This method does not care if you call it on an input ndarray that has bad values. It always returns a Perl scalar with the current or new bad value.

orig_badvalue

returns the original value used to represent bad values for a given type.

This routine operates the same as "badvalue", except you can not change the values.

It also has an awful name.

   $orig_badval = orig_badvalue( float );
   $x = ones(ushort,10);
   print "The original bad data value for ushort is: ", 
      $x->orig_badvalue(), "\n";

This method does not care if you call it on an input ndarray that has bad values. It always returns a Perl scalar with the original bad value for the associated type.

check_badflag

Clear the bad-value flag of an ndarray if it does not contain any bad values

Given an ndarray whose bad flag is set, check whether it actually contains any bad values and, if not, clear the flag. It returns the final state of the bad-value flag.

 print "State of bad flag == ", $pdl->check_badflag;

This method accepts ndarrays with or without bad values. It returns an ndarray with the final bad-value.

isbad

  Signature: (a(); int [o]b())

Returns a binary mask indicating which values of the input are bad values

Returns a 1 if the value is bad, 0 otherwise. Similar to isfinite.

 $x = pdl(1,2,3);
 $x->badflag(1);
 set($x,1,$x->badvalue);
 $y = isbad($x);
 print $y, "\n";
 [0 1 0]

This method works with input ndarrays that are bad. The output ndarray will never contain bad values, but its bad value flag will be the same as the input ndarray's flag.

isgood

  Signature: (a(); int [o]b())

Is a value good?

Returns a 1 if the value is good, 0 otherwise. Also see isfinite.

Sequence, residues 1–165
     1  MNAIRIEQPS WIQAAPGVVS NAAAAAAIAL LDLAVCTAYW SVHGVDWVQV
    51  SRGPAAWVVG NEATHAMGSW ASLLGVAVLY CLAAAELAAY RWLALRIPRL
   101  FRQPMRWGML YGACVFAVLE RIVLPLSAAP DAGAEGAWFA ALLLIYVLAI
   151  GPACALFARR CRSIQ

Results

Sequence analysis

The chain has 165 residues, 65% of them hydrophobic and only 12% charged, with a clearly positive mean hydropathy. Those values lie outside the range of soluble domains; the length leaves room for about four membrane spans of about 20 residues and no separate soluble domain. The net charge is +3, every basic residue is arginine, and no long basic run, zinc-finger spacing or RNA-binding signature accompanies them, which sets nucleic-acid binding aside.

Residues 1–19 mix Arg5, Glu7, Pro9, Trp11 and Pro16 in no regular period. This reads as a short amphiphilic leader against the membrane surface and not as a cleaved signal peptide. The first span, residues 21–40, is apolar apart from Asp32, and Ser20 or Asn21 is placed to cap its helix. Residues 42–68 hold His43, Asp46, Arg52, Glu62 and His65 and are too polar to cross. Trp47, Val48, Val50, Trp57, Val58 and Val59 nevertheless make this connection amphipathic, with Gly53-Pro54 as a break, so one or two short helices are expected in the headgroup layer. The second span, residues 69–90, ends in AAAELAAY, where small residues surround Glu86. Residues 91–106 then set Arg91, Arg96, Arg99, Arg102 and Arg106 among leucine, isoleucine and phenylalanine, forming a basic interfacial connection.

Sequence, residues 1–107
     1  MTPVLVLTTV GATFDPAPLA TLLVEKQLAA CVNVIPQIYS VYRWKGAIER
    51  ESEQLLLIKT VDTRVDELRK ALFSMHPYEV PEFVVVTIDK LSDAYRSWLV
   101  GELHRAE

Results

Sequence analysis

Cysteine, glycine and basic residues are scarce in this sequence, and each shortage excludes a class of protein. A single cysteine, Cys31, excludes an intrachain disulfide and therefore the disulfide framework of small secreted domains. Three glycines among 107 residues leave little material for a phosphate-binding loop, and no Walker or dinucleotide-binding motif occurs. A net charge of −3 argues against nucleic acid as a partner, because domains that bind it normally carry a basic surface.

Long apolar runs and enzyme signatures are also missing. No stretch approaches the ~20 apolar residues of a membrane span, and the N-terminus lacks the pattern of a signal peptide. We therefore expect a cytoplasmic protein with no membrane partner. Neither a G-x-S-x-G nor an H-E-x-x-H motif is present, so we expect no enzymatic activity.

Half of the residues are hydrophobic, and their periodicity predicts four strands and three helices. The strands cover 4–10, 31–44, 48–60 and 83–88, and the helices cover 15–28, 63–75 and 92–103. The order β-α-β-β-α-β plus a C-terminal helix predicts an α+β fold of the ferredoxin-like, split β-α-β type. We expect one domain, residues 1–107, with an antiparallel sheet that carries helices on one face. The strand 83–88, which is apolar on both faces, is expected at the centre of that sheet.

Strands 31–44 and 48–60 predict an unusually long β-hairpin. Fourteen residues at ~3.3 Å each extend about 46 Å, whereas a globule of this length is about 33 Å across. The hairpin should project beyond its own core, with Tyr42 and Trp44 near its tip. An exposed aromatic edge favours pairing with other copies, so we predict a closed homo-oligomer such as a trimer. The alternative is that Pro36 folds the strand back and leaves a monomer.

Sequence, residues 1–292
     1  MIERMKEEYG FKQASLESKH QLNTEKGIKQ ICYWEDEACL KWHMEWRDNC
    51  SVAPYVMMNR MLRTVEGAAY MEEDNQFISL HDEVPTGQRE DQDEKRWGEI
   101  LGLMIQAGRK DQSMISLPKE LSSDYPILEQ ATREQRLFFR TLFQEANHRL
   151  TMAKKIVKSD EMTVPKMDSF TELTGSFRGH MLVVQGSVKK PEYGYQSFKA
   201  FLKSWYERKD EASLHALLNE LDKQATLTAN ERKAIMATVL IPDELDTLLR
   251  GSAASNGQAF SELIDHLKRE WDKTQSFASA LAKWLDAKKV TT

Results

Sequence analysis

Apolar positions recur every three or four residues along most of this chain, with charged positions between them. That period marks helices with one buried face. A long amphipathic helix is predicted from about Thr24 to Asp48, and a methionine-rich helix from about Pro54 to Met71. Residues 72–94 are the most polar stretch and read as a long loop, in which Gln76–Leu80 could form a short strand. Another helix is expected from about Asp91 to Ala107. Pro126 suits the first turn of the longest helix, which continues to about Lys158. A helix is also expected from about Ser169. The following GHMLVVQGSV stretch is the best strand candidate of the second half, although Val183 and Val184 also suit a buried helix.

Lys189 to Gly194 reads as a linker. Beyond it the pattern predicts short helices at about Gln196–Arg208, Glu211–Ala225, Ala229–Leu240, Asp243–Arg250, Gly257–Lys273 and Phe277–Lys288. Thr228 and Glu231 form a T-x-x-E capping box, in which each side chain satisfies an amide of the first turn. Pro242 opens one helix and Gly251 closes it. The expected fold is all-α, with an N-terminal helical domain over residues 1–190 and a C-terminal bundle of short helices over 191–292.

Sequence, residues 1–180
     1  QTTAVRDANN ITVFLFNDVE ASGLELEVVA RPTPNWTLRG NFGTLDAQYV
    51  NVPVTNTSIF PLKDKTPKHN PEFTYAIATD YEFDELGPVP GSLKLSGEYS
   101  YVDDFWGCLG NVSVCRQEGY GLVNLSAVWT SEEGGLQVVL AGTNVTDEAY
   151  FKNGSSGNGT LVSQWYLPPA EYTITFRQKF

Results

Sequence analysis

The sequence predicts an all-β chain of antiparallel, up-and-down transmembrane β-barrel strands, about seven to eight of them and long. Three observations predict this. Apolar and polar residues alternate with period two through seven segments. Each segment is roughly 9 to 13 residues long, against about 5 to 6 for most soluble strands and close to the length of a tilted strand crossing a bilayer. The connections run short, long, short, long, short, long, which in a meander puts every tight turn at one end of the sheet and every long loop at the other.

$x = pdl(1,2,3);
 $x->badflag(1);
 set($x,1,$x->badvalue);
 $y = isgood($x);
 print $y, "\n";
 [1 0 1]

This method works with input ndarrays that are bad. The output ndarray will never contain bad values, but its bad value flag will be the same as the input ndarray's flag.

nbadover

  Signature: (a(n); indx [o] b())

Find the number of bad elements along the 1st dimension.

This function reduces the dimensionality of an ndarray by one by finding the number of bad elements along the 1st dimension. In this sense it shares much in common with the functions defined in PDL::Ufunc. In particular, by using xchg and similar dimension rearranging methods, it is possible to perform this calculation over any dimension.

 $x = nbadover($y);
 $spectrum = nbadover $image->transpose

nbadover processes input values that are bad. The output ndarray will not have any bad values, but the bad flag will be set if the input ndarray had its bad flag set.

ngoodover

  Signature: (a(n); indx [o] b())

Find the number of good elements along the 1st dimension.